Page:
3.3.2. The workday for a TSA or Specialist assignment is eight hours. (9-13-05)

3.3.3. The TSA assignment is temporary and as such may conclude or change at any time at the sole discretion of the District. TSA or Specialists with provisional or career employment status whose assignment is abolished will be placed in a temporary position pending the opportunity for permanent placement at the beginning of the next contract year or as soon as the District is able to administratively effect a transfer to the first available vacant teaching position for which the individual is fully qualified without undue disruption. Additional compensation beyond a standard teacher contract, to include additional days, may end at any time regardless of employment status. (9-13-05)


3.4.1. TSA vacancies will be announced and filled competitively according to District Policy.

3.4.2. The District may non-competitively assign (designate an employee without announcing the position) a TSA to fill an administrative position for one year or less when the action is necessitated by an exigency, such as, but not limited to, the need to temporarily fill a principal position while the incumbent is on sabbatical or sick leave. If an administrative TSA assignment exceeds 30 days, the individual will be compensated for the daily rate of an additional 1/7th FTE for the number of days the administrative duties are assigned. The TSA may also be assigned and compensated for additional workdays.

3.4.3. A fully qualified TSA selected from outside the current permanent WCSD employee workforce will be hired under the terms and conditions of a Temporary Employment Agreement with no expectation of continued employment. At the end of the temporary employment agreement, the employment relationship with the District will simply end.

It’s a skill most people learn in 3rd grade but now is really only used to write a signature.

So, in a digital age, is cursive handwriting still necessary?

"If they don't learn it in 2nd and 3rd grade, when will they learn it?” asked Lucinda Zeiher, a 3rd grade teacher of 49 years, now at Anna Marie Ayers Elementary School in Martins Ferry. “I feel very strongly that they definitely need it."

"Third grade is perfect. They are like little sponges that soak everything in."

The Ohio Department of Education currently has no requirements for handwriting, meaning individual districts can decide.

"There were 44 states that adopted Common Core standards and one of the standards was to switch from cursive handwriting to keyboarding," Zeiher said.

Students do learn keyboarding skill -- and cursive writing in Zeiher's classroom.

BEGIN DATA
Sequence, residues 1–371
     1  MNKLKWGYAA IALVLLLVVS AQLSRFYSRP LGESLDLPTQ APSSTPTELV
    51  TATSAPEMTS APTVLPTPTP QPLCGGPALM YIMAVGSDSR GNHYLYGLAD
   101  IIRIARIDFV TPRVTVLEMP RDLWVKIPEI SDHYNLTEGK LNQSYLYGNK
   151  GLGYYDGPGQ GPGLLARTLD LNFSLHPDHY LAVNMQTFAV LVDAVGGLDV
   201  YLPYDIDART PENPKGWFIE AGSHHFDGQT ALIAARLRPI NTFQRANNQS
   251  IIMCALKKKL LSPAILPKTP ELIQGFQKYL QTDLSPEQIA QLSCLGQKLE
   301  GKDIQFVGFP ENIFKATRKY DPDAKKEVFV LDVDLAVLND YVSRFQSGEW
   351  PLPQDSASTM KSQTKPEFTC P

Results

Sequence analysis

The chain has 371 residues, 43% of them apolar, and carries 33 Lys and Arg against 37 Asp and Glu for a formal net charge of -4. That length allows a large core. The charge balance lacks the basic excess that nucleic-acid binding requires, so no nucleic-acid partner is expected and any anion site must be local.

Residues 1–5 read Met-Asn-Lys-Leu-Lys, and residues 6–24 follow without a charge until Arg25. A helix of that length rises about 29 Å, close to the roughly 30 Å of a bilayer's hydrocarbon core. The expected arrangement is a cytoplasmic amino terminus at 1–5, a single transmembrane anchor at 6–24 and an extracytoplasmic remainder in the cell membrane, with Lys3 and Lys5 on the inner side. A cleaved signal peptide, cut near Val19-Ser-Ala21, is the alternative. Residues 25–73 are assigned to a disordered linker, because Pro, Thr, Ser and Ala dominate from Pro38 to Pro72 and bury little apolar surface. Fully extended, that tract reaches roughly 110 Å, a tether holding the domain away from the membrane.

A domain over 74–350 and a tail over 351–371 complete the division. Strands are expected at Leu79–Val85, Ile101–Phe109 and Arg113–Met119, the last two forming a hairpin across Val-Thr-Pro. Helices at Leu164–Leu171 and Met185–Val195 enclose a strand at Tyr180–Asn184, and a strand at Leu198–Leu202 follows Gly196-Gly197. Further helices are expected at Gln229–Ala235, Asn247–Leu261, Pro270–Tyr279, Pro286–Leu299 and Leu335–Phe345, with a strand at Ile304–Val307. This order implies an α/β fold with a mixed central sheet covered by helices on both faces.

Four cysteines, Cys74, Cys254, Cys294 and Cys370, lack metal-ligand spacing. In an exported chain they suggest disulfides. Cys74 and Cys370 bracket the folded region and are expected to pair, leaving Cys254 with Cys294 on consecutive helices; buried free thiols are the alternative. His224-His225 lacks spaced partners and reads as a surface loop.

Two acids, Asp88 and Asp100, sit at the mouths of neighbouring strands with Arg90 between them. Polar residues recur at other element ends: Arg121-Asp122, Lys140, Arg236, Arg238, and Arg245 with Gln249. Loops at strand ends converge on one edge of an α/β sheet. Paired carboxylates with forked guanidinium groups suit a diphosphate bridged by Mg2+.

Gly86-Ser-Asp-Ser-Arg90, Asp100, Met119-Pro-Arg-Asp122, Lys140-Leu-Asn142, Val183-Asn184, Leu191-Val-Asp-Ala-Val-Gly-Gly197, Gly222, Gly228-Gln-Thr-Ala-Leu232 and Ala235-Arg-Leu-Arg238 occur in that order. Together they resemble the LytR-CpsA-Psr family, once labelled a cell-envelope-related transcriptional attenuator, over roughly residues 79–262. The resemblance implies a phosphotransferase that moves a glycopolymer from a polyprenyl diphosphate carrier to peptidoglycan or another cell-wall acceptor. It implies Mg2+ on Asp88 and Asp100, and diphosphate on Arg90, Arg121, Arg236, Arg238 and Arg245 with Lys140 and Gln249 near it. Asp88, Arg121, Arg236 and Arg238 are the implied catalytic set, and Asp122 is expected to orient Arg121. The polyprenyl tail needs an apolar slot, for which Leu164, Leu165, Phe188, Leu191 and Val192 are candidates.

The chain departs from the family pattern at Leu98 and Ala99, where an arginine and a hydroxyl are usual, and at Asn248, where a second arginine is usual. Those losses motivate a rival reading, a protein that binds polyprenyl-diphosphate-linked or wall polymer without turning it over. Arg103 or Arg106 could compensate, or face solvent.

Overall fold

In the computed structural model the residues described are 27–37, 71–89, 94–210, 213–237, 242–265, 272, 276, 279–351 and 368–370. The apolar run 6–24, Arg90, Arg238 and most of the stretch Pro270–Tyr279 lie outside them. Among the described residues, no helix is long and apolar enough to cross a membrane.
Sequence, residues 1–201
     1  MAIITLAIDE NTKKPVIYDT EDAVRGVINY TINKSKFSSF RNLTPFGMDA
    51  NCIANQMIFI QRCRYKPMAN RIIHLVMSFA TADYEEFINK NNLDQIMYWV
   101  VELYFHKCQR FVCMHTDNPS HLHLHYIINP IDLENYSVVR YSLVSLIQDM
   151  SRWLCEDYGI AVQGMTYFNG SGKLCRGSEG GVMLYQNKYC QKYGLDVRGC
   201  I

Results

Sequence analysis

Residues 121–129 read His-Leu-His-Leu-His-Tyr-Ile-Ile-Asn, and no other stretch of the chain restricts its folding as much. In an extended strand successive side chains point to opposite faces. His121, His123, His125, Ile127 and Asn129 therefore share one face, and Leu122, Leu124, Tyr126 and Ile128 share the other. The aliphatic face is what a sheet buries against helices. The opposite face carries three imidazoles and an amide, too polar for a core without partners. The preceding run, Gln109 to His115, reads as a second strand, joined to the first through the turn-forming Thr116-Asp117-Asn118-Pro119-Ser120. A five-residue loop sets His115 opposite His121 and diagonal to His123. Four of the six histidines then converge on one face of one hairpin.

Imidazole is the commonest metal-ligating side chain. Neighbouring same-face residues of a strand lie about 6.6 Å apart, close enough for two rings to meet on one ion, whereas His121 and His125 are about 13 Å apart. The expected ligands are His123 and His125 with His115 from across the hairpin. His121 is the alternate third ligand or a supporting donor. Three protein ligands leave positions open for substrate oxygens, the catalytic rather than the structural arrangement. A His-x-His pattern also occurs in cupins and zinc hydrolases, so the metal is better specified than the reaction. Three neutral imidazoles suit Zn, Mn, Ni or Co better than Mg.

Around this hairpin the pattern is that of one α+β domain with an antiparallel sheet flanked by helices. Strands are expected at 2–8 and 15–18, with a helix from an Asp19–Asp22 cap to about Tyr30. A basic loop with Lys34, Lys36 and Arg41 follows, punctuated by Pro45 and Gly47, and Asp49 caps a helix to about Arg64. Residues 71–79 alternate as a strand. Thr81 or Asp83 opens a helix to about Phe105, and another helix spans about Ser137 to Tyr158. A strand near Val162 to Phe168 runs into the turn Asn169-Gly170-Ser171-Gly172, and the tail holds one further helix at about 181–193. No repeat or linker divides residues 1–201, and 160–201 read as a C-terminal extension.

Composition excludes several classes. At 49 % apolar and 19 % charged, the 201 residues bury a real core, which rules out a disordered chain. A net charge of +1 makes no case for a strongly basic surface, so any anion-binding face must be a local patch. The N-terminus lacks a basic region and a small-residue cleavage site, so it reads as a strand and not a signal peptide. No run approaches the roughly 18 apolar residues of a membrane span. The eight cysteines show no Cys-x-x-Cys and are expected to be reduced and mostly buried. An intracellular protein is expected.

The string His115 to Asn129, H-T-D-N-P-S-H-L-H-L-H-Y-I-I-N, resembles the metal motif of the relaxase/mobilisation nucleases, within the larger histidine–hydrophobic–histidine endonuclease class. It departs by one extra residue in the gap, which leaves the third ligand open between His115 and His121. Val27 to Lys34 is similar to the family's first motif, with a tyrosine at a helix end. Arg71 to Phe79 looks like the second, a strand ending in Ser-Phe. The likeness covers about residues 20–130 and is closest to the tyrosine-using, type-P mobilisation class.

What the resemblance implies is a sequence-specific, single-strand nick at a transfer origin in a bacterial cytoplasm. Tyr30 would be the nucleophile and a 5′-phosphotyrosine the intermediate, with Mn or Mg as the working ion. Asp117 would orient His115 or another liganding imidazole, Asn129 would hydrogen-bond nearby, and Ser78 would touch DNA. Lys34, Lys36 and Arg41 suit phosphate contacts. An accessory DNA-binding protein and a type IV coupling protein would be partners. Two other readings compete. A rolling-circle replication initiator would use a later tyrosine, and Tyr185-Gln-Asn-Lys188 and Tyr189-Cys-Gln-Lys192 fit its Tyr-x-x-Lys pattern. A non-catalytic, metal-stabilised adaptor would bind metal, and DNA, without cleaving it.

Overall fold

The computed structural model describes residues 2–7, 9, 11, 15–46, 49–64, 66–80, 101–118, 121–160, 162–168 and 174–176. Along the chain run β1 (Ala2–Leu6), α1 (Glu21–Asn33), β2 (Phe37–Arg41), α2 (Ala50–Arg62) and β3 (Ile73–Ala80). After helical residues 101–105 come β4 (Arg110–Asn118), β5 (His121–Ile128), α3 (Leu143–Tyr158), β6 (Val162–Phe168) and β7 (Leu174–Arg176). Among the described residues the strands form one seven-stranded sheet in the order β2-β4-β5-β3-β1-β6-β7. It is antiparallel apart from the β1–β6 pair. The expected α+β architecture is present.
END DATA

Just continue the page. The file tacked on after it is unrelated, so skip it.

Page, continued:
"Thank goodness Martins Ferry School District did decide, yes, to keep it," Zeiher said.

But they are required to use Chromebooks to complete the 3rd grade reading guarantee, a state test needed to move up a grade. One question asks for an answer in essay form.

"The problem is with the keyboarding, it takes them a long time to find the letters and they get very frustrated,” Zeiher said. “I think the state has heard plenty of criticism because of that. A bill has been introduced in the state legislature that is tentatively going to allow 3rd graders to take the test with paper/pencil again."

There's also another bill under review in the Ohio State House -- House Bill 58 -- to amend the revised code to require instruction of cursive handwriting.

That’s something Zeiher likes to hear.

"I mean, I have taught cursive writing all of my years, and really, I don’t see the justification to do away with it," Zeiher said.

Meanwhile, West Virginia is one of several states that requires students learn cursive writing.

According to the West Virginia Department of Education’s Title 126 Legislative Rule, 3rd graders should begin learning how to legibly write in cursive or joined italics.

"It is something that they should know; it's part of our written language," said Kim Ueltschy 3rd grade teacher, Woodsdale Elementary.

Ueltschy, who has been teaching at the school for 8 years, says even if cursive writing wasn't required, she'd still want to teach it.

"Sometimes computers don't work, sometimes any technology doesn't work,” she said. “It's important to be able to write with paper and pencil."

Teachers infuse technology into the curriculum as much as possible, as there is no graded keyboarding course, but it can have its drawbacks.

"Students tend to associate technology with games and fun things, so sometimes they are easily distracted by other things they can do with the technology," Ueltschy said.

That's why both teachers believe handwriting is the easiest type of written communication.

Being introduced to cursive writing allows people to be able to read historical documents and write a signature.

"It really builds up their fine motor skills in their hands,” Ueltschy said. “It can actually lead to a big increase in neatness in their print writing."

"Think of someone receiving a thank you note or any kind of written communication, I think it would mean much more to the person receiving it if it's actually written out," Zeiher said.

It's a skill children enjoy learning, and for now, isn't a lost art in the Ohio Valley.

"When it's time to get the cursive workbooks out, at least 95 percent of the kids in my class are like, ‘yay we get to work on cursive for a little,’" Ueltschy said.

Overall, teachers in both states say cursive handwriting is necessary and should continue to be taught even in this digital age.